The toilet is outside. Not far from the house, but nonetheless. The door is always open. It’s a standard toilet in that you sit on a white ceramic bowl, and it’s flushed with water dripped into the cistern from one of the rainwater tanks. The sewerage is transported to a large septic tank deep down under the forest floor, in a hole dug by the previous owner, who built this place.

Other than that, it’s not a regular toilet. Sitting on it with the door open, I look out over part of my outdoor workspace. It’s stacked with discarded and broken pottery, china, and tiles, waiting to be repurposed into mosaic art. It’s coated with a fine, green growth, a sticky kind of mossy algae blown in from the trees by the wind. There are also many, many spider webs. A small trough containing edible plants and the forest trees behind it are next in view. Today everything is wildly swerving; Cyclone Dovi is visiting this small strip of land called New Zealand. The even smaller strip of land where I live, at the far, far north tip of the country’s North Island, is beaten up badly.

It is lovely to sit on this toilet and look out at so much greenery.

Most times, I like going to this toilet outside. It is spacious with a tiled floor, a gasfired califont shower, and a basin. The walls are made of corrugated iron, white painted cement board, and “four by twos”. To my right is an opening just above the floor between the wall and the tiles. I see a soft, brown built-up bed of fallen leaves and thick black soil created by rot and worms, ants, and fungi. The gap is there to drain the used water from the sink and shower.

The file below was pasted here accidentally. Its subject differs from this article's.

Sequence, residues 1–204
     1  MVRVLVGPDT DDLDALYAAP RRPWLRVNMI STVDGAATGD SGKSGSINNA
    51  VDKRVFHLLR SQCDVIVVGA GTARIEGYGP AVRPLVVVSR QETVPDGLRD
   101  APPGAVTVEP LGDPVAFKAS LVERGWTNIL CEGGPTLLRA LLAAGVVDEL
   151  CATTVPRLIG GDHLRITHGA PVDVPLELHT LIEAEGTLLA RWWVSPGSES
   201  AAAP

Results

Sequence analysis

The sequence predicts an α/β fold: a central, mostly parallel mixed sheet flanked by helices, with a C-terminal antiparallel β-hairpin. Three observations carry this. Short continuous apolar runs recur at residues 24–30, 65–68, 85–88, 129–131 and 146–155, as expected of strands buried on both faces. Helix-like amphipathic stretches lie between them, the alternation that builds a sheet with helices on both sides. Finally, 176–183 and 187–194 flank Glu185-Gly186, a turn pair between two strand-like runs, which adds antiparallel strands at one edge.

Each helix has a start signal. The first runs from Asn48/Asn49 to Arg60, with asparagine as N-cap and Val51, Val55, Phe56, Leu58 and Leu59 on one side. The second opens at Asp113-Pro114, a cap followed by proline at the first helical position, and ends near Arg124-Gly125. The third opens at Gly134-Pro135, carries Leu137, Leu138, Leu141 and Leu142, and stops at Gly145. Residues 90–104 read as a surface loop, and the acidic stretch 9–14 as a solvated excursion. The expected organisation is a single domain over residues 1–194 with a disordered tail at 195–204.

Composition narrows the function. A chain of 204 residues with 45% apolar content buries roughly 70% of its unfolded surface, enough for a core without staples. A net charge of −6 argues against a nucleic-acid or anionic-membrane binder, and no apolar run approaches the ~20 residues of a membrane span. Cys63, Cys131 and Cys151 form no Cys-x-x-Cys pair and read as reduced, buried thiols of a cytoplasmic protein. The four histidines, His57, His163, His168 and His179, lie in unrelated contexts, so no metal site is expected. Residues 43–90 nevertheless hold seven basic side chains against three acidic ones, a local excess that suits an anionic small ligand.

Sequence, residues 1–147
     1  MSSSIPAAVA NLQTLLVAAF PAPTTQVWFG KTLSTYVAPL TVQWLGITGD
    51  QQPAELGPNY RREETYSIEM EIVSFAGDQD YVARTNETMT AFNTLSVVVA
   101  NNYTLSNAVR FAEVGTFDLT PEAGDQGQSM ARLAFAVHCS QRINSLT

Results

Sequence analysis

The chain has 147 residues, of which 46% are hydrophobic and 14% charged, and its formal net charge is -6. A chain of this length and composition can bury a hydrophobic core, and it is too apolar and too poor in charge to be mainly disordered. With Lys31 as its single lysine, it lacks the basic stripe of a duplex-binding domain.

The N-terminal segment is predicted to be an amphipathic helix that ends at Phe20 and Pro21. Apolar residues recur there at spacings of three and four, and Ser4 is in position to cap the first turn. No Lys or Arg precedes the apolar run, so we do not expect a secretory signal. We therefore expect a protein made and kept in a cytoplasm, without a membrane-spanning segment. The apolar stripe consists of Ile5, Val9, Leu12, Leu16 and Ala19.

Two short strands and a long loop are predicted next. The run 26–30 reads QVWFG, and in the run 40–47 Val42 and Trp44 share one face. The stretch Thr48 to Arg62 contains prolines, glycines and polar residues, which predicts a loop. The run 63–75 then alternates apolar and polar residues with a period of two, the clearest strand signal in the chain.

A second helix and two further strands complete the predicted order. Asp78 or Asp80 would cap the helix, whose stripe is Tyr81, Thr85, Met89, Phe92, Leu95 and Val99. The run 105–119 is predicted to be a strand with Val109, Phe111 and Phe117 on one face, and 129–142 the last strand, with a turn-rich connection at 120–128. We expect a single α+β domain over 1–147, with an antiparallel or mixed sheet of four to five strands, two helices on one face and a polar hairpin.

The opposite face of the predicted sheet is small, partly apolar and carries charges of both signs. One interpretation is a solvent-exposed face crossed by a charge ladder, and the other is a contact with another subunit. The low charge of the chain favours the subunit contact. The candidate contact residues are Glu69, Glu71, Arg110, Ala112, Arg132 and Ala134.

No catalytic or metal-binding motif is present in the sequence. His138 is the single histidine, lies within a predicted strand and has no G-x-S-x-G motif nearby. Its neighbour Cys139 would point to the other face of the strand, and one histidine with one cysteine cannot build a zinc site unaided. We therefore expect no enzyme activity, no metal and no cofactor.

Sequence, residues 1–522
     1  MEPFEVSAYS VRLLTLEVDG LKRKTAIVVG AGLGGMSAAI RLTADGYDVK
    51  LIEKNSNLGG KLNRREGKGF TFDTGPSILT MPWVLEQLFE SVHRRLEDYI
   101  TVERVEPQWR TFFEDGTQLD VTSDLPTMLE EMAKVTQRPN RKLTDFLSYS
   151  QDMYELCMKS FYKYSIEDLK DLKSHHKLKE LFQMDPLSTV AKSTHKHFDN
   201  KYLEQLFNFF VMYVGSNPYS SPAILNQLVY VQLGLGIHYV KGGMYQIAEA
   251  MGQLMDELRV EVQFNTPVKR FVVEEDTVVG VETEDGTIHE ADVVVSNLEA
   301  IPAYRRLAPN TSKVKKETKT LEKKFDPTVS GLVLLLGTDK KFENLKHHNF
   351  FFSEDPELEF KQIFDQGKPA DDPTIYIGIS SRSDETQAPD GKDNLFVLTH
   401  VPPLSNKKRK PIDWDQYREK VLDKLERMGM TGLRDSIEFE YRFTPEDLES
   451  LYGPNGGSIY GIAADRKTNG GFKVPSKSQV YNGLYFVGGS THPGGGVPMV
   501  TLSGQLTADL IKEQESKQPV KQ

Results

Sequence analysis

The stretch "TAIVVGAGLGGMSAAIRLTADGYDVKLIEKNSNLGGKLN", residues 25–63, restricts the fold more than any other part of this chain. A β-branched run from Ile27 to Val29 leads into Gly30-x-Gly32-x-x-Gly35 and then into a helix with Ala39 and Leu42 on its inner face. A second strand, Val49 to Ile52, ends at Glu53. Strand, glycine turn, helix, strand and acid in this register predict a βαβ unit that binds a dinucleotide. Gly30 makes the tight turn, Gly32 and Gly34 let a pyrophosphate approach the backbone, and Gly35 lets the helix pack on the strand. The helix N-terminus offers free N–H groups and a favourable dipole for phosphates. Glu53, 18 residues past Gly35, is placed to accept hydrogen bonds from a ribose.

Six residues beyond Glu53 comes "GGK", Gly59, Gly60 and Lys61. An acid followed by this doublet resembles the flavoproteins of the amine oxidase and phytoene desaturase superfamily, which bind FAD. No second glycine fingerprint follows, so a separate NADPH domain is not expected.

At night, I’m sometimes a little freaked out to go out there. I force myself not to think I could bump into something, someone, some creature in the dark. A weta, a salamander, a frog, rat, or possum.

Actual view from the outdoor toilet described in this story. Image by Author.

There is an outside light, but the solar-powered LED bulb popped a long time ago, and because the lamp is hanging about three meters high overhead, I haven’t replaced it yet. It’s tricky to climb up so high, and I have so many other things to do first that I make do with how it is. There is no one around who can do it for me. As I write this, I resolve (once again) to fix this light up soon.

Sometimes I bring my phone and use its torch (the mobile signal cannot be picked up from here, which is just as well), sometimes a candle. Often I can’t be bothered, and just hope for the best. Occasionally, when awoken by an emotionally draining nightmare, I don’t want to go out there at all, and I pee in an emergency bucket. That way, I don’t have to go outside in the dark.

Once upon a time when I came out to use the loo, a juvenile possum (more accurately, a Phalangeriformes) was sitting on the tiles beside the toilet boil. It got a fright when it saw me, it probably had never seen a human before. It froze as only possums can, and I gently nudged it out, saying Shhh, shhh, I’m not going to hurt you little possum out you go. It lept back into its natural habitat, leaving me to respond to the call of my bodily nature in peace.


[Image inside the story is of my actual toilet. The main story image is not of the toilet described, but courtesy of Marcus Ganahl on Unsplash]

© Sitara Morgenster

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